Aunt Marie-Françoise explains that “the time to pick the lavender is now, while it is fresh,” as I follow her over to the scented driveway, where purple flowers mingle with rosemary in one long line, like juilletistes convoying toward the sea. “We’ll take a bunch from the bottom of the bush,” she exclaims, “You won’t even know they’re missing!”
Following her example, I begin snapping lavender stems from the base of the plants near our mailbox. My husband’s aunt has a knack for wildcrafting and, before long, she’s collected enough spiked flowers for my lavender braiding lesson. I hand over the stems I’ve collected and our bouquet is now 34-strong. Next, she tosses out one of the flowers. “Eh, oui!” she says, noting my confusion. “We’ll need an odd number in order to weave them!” It’ll soon be no secret how the French make lavender wands.
First, we pluck off the leaves then gather the stems, tying a ribbon around the neck of the bouquet, just beneath the flowers. Wondering how to help, I reach over and put my finger on the ribbon, in time for her to knot it. Next, Marie-Françoise turns the bouquet upside down…
The only time I’ve ever woven ribbons before was through my own hair, when I was a child in Arizona. Back then, I used bright beads in turquoise, coral, and silver – colours that inspired the native Americans. I liked the ochre of Sedona, the blue of Navajo jewellery, and the silver in the lining of the Mojave Desert’s sky, which I would one day follow to France.
Far from the desert, Aunt Marie-Françoise tells me that what we’ve picked is actually lavandin, a cross between English and ‘spike’ lavender that’s very common in France. It smells just as good as lavender. “We will create une bouteille de lavande,” she says, explaining the shape is more like an amphore than a bottle. We’ll make the bottle by weaving ribbon through the stems that have been bent back over the flower bundle. Fishing out the longest ribbon and pulling it to the top, she begins to weave.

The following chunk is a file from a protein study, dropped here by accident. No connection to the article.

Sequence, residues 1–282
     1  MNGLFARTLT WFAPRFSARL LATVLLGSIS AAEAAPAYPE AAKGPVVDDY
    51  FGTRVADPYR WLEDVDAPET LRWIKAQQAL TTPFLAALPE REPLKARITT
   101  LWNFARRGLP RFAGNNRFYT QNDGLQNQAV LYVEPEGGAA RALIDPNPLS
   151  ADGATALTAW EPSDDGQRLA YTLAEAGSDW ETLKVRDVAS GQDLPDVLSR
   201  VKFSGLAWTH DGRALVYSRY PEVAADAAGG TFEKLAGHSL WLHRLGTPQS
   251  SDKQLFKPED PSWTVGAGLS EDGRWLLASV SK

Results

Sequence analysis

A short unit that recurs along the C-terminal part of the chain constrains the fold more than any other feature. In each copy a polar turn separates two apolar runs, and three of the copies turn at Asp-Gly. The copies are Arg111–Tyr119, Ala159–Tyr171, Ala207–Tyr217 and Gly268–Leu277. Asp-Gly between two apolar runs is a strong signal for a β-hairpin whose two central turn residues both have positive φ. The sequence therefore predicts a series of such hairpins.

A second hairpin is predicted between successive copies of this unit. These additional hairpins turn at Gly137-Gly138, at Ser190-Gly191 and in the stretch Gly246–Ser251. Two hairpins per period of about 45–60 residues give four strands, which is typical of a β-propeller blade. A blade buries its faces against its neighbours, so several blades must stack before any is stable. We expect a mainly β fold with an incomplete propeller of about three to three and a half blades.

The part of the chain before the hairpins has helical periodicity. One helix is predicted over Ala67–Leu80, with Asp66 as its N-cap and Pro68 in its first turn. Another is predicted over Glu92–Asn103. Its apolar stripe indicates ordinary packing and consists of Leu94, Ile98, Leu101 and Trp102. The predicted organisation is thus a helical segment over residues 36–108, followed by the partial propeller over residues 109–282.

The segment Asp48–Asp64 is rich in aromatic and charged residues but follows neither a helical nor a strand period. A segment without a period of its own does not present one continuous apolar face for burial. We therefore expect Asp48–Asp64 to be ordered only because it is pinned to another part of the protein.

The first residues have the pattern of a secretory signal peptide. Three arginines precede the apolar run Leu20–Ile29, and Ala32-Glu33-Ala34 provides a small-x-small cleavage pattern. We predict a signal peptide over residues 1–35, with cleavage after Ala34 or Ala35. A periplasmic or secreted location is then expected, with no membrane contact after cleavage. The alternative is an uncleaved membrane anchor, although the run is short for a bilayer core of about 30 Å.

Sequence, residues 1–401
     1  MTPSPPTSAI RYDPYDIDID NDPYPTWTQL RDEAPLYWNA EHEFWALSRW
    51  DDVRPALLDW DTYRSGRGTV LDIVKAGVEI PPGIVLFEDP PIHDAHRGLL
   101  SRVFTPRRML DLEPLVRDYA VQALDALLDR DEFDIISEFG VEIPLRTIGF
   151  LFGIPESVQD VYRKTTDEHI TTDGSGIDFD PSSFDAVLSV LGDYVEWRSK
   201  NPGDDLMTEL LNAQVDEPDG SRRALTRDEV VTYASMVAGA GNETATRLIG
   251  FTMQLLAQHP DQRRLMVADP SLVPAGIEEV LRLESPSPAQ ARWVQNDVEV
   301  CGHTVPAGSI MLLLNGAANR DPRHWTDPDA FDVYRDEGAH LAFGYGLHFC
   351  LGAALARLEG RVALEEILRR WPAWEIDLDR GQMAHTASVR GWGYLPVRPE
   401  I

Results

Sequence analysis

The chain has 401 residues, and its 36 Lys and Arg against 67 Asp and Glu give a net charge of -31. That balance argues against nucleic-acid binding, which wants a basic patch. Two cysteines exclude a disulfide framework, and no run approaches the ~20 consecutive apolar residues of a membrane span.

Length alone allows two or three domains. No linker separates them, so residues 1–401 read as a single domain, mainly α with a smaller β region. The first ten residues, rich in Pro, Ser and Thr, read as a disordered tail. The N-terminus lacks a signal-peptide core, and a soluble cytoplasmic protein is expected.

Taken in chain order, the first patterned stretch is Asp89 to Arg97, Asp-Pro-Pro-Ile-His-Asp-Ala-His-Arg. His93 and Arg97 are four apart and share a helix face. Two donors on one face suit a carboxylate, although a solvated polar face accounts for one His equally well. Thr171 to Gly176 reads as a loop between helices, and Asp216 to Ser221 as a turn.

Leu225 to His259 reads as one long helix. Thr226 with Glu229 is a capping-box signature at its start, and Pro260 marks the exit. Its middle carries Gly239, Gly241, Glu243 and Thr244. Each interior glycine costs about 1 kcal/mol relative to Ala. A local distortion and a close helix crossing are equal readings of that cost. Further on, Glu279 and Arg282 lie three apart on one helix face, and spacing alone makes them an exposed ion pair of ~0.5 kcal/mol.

As Marie-Françoise passes the ribbon through the bars, she tells me that hand-woven lavender has been used from time immemorial to freshen drawers and armoires, and to deter moths. The making of these Provençal pest-busters is a family tradition. Not far from the Pont d’Avignon, Marie-Françoise and her sisters would get together and weave up a lavender storm. When out of ribbon, the sisters got creative, raiding their closets for the satiny loops found inside sweaters, which are normally used to keep garments from slipping off their hangers. “String all the colourful ends together and voilà!” she says. “Ribbon for weaving!”
Noticing the relaxed expression on my aunt-in-law’s face as she weaves, I wonder whether her thoughts are drifting off, like mine, to yesteryear – to giggling French sisters rifling through an armoire… for me, it’s back to the desert, with its coral landscapes and the warm breezes that caress my braided hair, which is with turquoise and silver linings from a French horizon.
Originally published in the August-September 2013 issue of France Today
Kristin Espinasse writes the French Word-A-Day blog, which she began in 2002. Author of the books Words in a French Life and Blossoming in Provence, she lives on an olive farm near Bandol.